A story written by Ernest Hemingway in 1956 is being published for the first time this week in the summer edition of the Strand Magazine, a literary quarterly that has released obscure works by Raymond Chandler, John Steinbeck and others.
"A Room on the Garden Side," is a World War II-era fiction that “contains all the trademark elements readers love in Hemingway," said Kirk Curnutt, a board member of the Hemingway Society, who contributed an afterword for the Strand.
Hemingway is known to have left numerous works unpublished at the time of his suicide in Idaho at age 61 in 1961.
"A Room on the Garden Side" takes place in the Ritz hotel, and is narrated by a Hemingway stand-in called Robert who shares the author's own nickname — Papa. Robert and his entourage drink wine, quote from Baudelaire and debate "the dirty trade of war."
"Steeped in talk of Marcel Proust, Victor Hugo, and Alexandre Dumas, and featuring a long excerpt in French from Charles Baudelaire's 'Les Fleurs du Mal,' the story implicitly wonders whether the heritage of Parisian culture can recover from the dark taint of fascism," Curnutt wrote.
Hemingway has frequently drawn on war as a source of inspiration, which is evident in classic novels such as “A Farwell to Arms” and “For Whom the Bell Tolls.”
He was an ambulance driver during World War I, and served both as a soldier and a correspondent during World War II. Hemingway was present in Paris during the liberation from the Nazi occupation in August 1944, which was described by the author in reports published soon after by Collier’s magazine.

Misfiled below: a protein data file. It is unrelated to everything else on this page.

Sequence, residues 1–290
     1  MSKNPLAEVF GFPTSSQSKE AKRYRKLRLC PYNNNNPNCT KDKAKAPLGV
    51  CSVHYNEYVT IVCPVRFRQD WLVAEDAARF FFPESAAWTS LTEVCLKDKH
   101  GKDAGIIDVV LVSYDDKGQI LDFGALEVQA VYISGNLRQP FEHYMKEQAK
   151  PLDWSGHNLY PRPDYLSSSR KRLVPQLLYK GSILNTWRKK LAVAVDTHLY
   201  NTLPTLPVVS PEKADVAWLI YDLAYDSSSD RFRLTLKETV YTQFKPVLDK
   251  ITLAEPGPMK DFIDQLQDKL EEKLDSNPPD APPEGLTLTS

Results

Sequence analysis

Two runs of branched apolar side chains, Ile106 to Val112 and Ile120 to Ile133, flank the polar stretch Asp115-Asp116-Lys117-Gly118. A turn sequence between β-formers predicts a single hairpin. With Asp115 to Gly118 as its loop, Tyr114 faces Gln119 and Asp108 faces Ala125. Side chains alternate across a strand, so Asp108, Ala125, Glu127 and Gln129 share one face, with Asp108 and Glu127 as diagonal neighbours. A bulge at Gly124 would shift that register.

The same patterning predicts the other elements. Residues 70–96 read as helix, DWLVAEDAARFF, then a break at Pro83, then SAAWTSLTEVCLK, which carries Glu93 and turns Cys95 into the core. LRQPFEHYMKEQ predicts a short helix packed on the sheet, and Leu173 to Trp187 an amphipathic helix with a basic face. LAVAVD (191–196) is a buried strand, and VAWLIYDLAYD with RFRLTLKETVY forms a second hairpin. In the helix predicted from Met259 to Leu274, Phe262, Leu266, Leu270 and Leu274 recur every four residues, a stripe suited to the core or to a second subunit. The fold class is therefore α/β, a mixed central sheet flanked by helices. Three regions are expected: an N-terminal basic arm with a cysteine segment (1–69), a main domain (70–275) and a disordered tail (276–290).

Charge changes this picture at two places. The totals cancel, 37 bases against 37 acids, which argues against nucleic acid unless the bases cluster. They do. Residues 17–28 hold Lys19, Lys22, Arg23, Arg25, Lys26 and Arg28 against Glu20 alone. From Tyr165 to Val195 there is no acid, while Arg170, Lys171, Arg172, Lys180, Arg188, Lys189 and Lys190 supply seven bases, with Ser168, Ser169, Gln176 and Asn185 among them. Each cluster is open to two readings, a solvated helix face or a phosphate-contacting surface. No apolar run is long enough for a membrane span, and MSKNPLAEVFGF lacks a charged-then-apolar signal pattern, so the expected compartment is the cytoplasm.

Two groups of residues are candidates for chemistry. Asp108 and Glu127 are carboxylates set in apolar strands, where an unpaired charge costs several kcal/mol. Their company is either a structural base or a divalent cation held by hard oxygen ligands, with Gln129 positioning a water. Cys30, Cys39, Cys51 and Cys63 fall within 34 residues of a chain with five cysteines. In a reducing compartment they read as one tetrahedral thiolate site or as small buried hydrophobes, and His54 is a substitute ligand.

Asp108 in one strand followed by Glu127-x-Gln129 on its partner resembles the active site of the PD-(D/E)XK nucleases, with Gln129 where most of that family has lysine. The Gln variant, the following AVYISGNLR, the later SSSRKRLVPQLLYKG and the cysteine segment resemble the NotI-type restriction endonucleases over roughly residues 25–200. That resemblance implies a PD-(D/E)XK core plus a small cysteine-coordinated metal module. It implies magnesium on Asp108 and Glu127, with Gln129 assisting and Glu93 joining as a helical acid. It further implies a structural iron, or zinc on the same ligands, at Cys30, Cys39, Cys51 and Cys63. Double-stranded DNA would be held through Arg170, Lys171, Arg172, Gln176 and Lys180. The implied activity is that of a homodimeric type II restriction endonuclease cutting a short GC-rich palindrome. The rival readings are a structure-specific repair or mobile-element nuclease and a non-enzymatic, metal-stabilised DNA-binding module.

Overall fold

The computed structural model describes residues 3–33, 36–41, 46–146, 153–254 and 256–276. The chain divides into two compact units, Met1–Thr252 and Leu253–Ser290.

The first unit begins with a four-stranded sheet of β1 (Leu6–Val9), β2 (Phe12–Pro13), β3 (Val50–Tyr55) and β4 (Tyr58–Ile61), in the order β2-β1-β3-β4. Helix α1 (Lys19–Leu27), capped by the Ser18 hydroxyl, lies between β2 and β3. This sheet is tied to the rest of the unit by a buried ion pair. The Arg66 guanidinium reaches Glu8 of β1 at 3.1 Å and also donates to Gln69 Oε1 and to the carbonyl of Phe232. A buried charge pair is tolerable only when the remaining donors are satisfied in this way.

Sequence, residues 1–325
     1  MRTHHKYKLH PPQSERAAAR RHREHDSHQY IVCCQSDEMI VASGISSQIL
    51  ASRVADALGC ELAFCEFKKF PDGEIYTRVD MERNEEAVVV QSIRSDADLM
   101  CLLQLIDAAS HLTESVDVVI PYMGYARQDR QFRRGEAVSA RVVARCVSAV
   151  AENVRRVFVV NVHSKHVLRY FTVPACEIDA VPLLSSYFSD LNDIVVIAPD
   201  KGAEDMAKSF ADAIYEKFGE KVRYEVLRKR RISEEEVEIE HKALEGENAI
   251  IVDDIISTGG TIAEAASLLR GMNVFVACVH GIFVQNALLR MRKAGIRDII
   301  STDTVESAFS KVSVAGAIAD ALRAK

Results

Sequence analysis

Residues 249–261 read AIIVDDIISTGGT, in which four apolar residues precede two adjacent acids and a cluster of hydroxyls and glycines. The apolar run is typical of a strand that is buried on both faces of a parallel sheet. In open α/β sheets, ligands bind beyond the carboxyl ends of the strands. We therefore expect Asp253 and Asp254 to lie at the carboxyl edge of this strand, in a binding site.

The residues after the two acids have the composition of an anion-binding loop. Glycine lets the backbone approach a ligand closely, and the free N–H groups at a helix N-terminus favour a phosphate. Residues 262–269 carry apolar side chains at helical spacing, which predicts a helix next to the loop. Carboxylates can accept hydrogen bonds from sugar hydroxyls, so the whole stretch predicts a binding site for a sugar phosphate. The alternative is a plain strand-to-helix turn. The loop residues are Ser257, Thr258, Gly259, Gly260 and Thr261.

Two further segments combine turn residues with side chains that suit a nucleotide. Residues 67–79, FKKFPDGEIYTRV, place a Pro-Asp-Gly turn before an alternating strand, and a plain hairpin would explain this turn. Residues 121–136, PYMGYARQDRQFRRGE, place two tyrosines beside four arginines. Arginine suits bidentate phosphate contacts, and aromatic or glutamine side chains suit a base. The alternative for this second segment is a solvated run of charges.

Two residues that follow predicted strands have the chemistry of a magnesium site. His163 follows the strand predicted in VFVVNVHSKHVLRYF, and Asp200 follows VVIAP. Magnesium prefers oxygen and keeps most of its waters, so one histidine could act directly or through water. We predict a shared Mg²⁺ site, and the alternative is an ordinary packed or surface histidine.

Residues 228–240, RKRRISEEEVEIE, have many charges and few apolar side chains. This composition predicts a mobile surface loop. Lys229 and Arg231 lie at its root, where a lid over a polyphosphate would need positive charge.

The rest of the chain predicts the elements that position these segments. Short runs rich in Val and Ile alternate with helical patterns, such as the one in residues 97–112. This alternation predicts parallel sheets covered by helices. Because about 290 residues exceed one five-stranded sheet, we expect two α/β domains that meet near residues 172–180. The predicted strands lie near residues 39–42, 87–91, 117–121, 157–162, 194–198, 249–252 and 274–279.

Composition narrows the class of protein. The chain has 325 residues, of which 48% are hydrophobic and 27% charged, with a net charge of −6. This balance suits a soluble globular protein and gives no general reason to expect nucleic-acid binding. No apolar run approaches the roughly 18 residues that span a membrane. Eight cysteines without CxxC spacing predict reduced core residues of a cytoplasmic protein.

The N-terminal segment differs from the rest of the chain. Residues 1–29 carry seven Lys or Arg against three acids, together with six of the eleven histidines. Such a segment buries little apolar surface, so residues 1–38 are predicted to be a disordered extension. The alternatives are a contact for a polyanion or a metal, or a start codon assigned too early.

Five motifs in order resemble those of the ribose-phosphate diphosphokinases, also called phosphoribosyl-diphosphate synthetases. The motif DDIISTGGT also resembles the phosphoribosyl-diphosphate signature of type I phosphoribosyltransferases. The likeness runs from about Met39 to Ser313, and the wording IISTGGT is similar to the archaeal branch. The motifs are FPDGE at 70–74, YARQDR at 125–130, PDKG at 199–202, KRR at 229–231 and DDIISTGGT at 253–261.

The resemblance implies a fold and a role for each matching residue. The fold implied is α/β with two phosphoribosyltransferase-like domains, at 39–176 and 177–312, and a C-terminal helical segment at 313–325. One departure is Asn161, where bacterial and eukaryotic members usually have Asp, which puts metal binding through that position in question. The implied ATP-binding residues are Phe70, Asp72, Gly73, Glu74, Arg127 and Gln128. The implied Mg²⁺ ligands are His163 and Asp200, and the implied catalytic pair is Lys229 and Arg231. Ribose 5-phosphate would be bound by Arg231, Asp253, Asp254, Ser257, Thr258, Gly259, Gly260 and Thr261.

"I did it to save the lives of people who had not hired out to fight," the narrator in Hemingway’s soon to be published "A Room on the Garden Side," explains. "There was that and the fact that I had learned to know and love an infantry division and wished to serve it in any useful way I could.
"I also loved France and Spain next to my own country. I loved other countries too but the debt was paid and I thought that the account was closed, not knowing the accounts are never closed."
Other works that came out after his death include "A Moveable Feast," his celebrated memoir on Paris in the 1920s, as well as "The Garden of Eden" and "Islands in the Stream, and "The Dangerous Summer," a nonfiction account of bullfighting.
Hemingway wrote other World War II stories over the last decade of his life. In August 1956, he told publisher Charles Scribner Jr. that he had completed five: "A Room on the Garden Side," ''The Cross Roads," ''Indian Country and the White Army," ''The Monument," and "The Bubble Reputation." Until now, only "The Cross Roads" had been widely seen.
"I suppose they (the stories) are a little shocking since they deal with irregular troops and combat and with people who actually kill people," Hemingway told Scribner. "Anyway, you can always publish them after I'm dead."
The Associated Press contributed to this report.